London - In recent years, a burgeoning anti-clutter industry and a raft of TV shows and books on this topic have attempted to address this issue, but, for many, it is a losing battle.
But at what point does untidiness become clutter? Why is it so debilitating?
And what can be done to prevent it? I caught up with professional declutterer, Vicky Silverthorn, to find out more.
* A house becomes cluttered when items get in the way of life running smoothly. When you start thinking things like “I must organise that” or “I’ve got too much of this”, when you start to lose items on a frequent basis, and when you feel the organisation levels slip so much that you can’t bear to look in certain areas – that’s when it becomes a problem.
* Clutter affects your everyday life in a negative way. I believe it can affect stress levels dramatically and can slow down simple daily processes. Many find there aren’t enough hours in the day anyway. Why add to this?
* Eighty percent of my clients are women. This doesn’t necessarily mean they are worse. Perhaps it means they are just better at coming forward. I deal with many different types of people from a large variety of backgrounds and they all have problems that bother them very individually. Clutter can affect anyone.
* I work in a simple, methodical process. I go one room at a time, one area at a time and sort items into piles. The key to successful decluttering is to finish the jobs you start and be realistic about how much time something is going to take. Introducing practical and basic systems that are easily kept up is vital.
* There are so many reasons why people start to hoard. Some of these are very delicate and involve some kind of traumatic experience.
* Paperwork is a biggie when it comes to clutter. People loathe doing their home paperwork, but I believe this is because so many put such unnecessarily complicated systems in place. A good system to me is a simple system and that’s what I implement.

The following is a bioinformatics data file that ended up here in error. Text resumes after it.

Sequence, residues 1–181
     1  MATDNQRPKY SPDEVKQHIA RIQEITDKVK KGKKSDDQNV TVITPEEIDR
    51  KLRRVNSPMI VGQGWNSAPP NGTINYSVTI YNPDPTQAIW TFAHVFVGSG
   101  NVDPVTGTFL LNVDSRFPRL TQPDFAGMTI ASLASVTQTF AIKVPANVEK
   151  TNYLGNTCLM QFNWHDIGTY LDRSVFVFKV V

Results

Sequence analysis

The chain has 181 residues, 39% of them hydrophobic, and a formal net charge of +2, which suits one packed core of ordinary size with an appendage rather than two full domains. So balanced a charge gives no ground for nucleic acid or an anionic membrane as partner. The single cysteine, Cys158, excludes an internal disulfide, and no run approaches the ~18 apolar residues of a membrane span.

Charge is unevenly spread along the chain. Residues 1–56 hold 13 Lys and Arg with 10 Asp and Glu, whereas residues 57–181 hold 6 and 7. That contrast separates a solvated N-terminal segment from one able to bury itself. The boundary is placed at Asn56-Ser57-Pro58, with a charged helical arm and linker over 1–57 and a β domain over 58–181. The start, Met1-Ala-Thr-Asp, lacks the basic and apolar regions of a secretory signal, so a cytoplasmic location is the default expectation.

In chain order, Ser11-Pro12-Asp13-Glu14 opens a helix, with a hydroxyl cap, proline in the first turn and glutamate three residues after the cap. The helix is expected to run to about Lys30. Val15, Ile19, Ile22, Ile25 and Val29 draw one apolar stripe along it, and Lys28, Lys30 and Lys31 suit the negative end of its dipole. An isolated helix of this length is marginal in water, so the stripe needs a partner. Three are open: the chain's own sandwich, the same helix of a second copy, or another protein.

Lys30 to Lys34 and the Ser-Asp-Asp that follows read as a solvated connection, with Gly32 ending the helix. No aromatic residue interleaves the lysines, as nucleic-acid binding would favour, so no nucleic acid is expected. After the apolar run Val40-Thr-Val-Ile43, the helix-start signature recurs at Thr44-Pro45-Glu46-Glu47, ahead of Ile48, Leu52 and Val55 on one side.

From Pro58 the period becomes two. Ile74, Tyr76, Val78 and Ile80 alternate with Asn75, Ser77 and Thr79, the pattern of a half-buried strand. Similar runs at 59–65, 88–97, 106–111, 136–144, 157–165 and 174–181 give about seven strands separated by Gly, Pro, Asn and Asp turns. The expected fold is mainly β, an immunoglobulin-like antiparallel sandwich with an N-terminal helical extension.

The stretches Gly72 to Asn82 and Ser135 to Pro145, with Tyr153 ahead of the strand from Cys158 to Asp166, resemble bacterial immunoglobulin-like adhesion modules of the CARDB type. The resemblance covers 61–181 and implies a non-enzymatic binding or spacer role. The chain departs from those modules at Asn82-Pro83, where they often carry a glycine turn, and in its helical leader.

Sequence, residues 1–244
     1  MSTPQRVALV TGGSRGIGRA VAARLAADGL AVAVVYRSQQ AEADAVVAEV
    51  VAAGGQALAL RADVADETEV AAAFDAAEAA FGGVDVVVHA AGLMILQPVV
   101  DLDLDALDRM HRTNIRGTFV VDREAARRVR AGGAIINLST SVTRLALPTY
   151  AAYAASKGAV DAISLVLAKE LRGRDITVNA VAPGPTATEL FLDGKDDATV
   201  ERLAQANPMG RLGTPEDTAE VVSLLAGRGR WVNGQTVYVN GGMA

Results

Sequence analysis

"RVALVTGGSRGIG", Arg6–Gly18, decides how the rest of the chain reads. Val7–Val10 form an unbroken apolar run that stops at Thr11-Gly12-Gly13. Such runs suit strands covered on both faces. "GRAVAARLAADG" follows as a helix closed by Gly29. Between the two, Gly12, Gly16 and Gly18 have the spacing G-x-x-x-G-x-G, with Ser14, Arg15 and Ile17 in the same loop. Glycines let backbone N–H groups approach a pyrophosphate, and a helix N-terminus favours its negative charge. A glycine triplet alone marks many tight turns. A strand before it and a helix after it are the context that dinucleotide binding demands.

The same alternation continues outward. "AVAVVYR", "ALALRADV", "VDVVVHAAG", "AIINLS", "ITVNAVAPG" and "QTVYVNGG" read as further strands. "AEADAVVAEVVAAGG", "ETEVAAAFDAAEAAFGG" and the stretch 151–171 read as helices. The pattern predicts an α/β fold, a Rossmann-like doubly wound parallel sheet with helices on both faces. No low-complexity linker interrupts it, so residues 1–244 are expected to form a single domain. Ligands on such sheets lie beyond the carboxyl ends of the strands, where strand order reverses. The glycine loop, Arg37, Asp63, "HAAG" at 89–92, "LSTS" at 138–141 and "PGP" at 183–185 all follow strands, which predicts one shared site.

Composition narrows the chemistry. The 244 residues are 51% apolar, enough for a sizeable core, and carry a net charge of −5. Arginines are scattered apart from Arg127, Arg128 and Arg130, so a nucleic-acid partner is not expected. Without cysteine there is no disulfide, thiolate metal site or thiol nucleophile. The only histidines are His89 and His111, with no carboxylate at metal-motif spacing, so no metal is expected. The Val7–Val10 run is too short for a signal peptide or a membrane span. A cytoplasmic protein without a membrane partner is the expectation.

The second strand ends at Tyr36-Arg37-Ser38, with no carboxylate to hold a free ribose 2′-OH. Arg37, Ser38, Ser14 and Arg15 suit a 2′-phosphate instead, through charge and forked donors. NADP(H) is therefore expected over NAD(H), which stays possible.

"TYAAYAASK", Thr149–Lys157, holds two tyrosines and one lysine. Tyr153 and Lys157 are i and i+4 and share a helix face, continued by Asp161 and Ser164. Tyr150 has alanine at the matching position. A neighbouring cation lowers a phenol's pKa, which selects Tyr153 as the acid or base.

* Clearing clutter is like a form of therapy. It’s cleansing and many say you sleep better, the stress lifts and that it helps you become more productive in other areas of your life. I believe this wholeheartedly.
Vicky’s top five decluttering tips
* Keep organising simple. Don’t introduce complicated systems. Think back to basics.
* If you don’t have much time, start decluttering for 20-30 minutes an evening. You will be so surprised how far you get in even a week.
* Be realistic. If you’re having a declutter session, it’s for a reason, so don’t just shift things around. If you don’t need it, say goodbye; it’s taking up your precious space and just “liking it” is very different from liking to wear or use it.
* Invest what you can in practical storage. You will never keep track of things if you don’t know where to look for them.
* Start afresh. Make someone else happy by giving something unwanted and unused to charity or sell it and make what you can from it. Hopefully, you will learn to love the feeling of something going to good use, instead of being hidden in a drawer and never used. – The Independent